Preparation of green cellulose nanoparticles (CNPs) from renewable resources is becoming an important area of research. An agro-waste such as sesame husk has been used for the first time to generate cellulose nanoparticles. Sesame husk, which is deep brown in color, was treated with 0.7% sodium chlorite solution, followed by alkali treatment. This chemically treated mass was subjected to acid hydrolysis with 35% sulfuric acid. Cellulose microwhiskers were released from the husk, forming a white colloidal suspension and leaving a solid residue at the bottom. These microwhiskers were examined by optical microscopy and transmission electron microscopy (TEM). The microwhiskers were observed to be multifaceted, existing in associated form and having width in the range of 1-2 mu m. These microwhiskers were subjected to homogenization, after which spherical cellulose nanoparticles (CNPs) were produced having diameters in the range of 30-120 nm. X-ray diffraction study of these white cellulose nanoparticles and the residue showed a highly crystalline nature of the cellulose particles. Atomic force microscopy also confirmed the spherical shape of the cellulose nanoparticles. The block hardness and modulus of the CNPs were measured by nanoindentation tests.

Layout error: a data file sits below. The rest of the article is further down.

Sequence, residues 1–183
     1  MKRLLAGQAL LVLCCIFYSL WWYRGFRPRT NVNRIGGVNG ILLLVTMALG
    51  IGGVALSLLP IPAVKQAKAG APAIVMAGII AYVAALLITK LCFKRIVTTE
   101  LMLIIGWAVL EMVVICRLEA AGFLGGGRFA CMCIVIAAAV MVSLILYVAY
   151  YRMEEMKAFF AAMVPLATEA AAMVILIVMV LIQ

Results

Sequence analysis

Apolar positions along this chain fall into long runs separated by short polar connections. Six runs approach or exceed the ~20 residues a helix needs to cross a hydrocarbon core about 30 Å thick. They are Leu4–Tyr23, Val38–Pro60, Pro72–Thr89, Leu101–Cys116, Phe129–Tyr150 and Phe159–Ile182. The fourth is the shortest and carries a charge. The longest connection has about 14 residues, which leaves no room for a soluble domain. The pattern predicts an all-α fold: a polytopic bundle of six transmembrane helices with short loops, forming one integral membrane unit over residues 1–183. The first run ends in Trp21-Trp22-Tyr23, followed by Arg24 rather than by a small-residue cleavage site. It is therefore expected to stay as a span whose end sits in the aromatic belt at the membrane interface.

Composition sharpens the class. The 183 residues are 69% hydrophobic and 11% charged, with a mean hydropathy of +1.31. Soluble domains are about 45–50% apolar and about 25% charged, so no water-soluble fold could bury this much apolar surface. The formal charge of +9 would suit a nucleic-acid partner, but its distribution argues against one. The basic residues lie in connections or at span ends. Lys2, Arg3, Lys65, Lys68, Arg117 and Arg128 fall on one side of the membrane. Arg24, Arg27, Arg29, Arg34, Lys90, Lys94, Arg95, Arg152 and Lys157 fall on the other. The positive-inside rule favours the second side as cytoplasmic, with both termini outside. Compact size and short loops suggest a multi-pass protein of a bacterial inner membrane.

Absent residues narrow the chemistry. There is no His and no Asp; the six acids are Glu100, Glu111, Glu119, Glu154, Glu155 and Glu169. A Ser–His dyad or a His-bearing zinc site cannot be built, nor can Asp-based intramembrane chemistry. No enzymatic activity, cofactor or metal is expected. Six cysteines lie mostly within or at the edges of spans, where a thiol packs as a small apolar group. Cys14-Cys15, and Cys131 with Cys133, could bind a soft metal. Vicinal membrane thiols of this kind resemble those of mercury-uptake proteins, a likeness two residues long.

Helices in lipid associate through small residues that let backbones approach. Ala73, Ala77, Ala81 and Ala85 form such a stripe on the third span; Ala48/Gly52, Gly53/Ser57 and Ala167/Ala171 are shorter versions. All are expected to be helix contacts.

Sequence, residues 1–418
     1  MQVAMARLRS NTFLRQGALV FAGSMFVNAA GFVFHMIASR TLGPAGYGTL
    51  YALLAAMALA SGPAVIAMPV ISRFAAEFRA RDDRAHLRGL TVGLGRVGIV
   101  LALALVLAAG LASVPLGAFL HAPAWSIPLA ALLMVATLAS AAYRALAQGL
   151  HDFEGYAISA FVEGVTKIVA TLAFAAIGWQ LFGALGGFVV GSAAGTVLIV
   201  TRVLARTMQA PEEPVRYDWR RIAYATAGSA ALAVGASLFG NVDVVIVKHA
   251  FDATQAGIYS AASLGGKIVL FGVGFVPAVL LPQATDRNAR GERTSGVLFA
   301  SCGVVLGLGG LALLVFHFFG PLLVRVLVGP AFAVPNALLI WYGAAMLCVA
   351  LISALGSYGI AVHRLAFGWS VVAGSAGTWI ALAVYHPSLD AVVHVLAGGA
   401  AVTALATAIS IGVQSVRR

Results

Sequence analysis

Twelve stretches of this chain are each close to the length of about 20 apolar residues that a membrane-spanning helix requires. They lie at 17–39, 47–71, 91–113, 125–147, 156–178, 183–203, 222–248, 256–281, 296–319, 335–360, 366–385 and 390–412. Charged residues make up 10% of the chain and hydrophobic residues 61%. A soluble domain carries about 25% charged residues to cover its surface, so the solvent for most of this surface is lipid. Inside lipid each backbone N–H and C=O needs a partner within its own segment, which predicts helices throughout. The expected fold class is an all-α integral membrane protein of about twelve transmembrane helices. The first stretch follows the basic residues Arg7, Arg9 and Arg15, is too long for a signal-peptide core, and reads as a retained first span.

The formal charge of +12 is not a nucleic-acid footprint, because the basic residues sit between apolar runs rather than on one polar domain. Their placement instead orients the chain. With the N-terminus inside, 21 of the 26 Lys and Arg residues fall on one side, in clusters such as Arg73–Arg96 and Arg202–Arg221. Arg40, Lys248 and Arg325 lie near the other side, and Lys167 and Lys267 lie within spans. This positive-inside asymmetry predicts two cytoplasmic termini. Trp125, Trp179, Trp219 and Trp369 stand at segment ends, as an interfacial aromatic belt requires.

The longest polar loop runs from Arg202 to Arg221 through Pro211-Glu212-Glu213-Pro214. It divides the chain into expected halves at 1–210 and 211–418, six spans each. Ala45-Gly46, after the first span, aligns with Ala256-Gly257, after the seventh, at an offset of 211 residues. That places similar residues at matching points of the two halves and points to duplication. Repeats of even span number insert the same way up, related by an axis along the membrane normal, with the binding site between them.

|Number of pages||6|
|Journal||Industrial & Engineering Chemistry Research|
|Publication status||Published - 19 Jan 2011|
|Event||International Symposium on New Frontiers in Chemical and Biochemical Engineering - Thessaloniki, Greece|
Duration: 26 Nov 2009 → 27 Nov 2009